Up the garden path

Have a look at this headline in a newspaper:

It took me several minutes – and the help of my wife – to understand this headline.


You may not see any problem with it. But I kept interpreting the noun pay as the object of the verb block, resulting in an imperative: block pay. I then interpreted as you go phones as a subordinate clause, but immediately stumbled as it doesn’t make any sense. The way the headline is laid out doesn’t help, nor does the fact that no hyphenation was used.

What is being blocked are pay-as-you-go phones.

This kind of construction is called a garden path sentence, because when you start interpreting such a sentence you are being ‘led up the garden path’.

The most famous example of a garden path is this one:

The horse raced past the barn fell.

Initially you interpret the sentence to mean that the horse ‘raced past the barn’, i.e. a structure in which we have a Subject (the horse), then an intransitive verb (raced) and then an Adverbial in the shape of a prepositional phrase (past the barn). But then you get to fell, and the sentence no longer makes sense.

You’ve been led up the garden path!

So how should the sentence be interpreted?

Well, the intended meaning is for raced past the barn to be a relative clause, as in:

The horse that was raced past the barn fell.

In this sentence the grammatical structure is different. The Subject is now the horse (that was) raced past the barn, and this noun phrase is followed by the intransitive verb fell.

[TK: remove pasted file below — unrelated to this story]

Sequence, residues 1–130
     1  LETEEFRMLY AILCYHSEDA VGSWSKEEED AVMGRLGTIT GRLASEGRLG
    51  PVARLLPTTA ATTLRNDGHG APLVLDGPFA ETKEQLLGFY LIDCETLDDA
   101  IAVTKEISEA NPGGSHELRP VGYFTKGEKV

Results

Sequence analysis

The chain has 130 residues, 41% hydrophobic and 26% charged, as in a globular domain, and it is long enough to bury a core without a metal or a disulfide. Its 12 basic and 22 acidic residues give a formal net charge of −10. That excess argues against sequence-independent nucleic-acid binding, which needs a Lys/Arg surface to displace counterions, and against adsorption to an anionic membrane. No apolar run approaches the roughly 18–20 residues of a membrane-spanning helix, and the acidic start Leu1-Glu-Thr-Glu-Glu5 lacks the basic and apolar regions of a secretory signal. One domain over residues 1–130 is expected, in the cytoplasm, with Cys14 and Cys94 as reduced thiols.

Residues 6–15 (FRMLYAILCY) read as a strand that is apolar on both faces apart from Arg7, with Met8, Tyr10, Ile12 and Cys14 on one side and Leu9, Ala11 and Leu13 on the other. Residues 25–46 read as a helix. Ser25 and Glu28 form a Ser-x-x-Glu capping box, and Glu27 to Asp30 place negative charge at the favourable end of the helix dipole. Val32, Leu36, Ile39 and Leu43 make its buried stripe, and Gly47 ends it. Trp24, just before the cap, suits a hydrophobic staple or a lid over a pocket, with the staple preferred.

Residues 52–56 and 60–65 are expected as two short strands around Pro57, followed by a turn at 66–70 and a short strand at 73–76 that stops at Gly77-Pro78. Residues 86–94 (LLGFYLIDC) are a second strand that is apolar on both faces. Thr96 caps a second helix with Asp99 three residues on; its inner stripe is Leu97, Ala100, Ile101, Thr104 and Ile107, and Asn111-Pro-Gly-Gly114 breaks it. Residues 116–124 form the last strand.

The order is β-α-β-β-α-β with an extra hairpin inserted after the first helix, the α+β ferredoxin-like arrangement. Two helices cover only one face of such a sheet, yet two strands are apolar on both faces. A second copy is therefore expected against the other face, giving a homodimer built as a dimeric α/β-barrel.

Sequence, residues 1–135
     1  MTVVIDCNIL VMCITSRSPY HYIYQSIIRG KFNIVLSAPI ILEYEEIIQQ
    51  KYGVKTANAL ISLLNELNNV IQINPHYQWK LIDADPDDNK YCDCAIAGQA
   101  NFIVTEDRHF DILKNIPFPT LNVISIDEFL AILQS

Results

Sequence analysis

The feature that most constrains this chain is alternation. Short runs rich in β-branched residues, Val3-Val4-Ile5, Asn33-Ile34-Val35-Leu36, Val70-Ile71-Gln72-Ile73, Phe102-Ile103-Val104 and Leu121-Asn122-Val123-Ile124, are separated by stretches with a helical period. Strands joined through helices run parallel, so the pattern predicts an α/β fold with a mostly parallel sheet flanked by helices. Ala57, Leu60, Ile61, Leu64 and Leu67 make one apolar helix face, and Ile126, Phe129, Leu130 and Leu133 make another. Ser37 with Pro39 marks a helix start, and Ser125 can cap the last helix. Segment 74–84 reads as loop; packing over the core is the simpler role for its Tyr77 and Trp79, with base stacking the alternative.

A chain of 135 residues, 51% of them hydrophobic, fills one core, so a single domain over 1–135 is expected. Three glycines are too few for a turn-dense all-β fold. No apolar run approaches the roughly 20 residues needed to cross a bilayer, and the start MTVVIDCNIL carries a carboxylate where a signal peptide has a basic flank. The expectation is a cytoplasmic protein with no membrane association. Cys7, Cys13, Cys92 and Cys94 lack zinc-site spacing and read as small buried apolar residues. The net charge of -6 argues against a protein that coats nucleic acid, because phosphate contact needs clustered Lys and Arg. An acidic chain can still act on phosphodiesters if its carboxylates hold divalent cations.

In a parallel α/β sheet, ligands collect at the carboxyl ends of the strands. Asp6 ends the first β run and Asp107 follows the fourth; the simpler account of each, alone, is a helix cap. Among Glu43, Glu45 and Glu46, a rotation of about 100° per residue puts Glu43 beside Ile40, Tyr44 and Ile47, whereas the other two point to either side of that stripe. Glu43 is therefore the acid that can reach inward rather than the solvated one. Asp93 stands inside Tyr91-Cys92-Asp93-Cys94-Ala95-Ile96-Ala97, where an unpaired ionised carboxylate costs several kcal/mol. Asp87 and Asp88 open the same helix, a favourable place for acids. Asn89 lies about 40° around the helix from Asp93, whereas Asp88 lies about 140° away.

Want some more examples?

The old man the boat.

The complex houses married and single soldiers and their families.

Time flies like an arrow; fruit flies like a banana.

Head over to Wikipedia for an explanation.


7 thoughts on “Up the garden path

  1. Hi Bas, nice to see you posting again. I love these. Apparently, US journalists refer to such ambiguous headlines as ‘Crash Blossoms’ after an article in Japan Today in 2019 that read ‘Violinist linked to JAL crash blossoms’. Here’s one from over a year ago that baffled me for a few minutes. I think the line breaks made it harder to parse:
    ‘Could boozy
    lifestyle Ant
    won’t give up
    destroy his
    £120m double
    act with Dec?’


  2. Hi Bas I enjoyed reading this post and it tickled my brain a bit, which is nice. I was thinking that the issue in your original headline was also of punctuation, as Pay As You Go phones or PAYG, could be mroe accurate?

    Liked by 1 person

  3. Wonderful explanation!

    Dear Bas, would you please suggest some books to me on ‘Grammar for English language teachers?’ It would be a great help for me as I have been teaching in a high school for 2 years.


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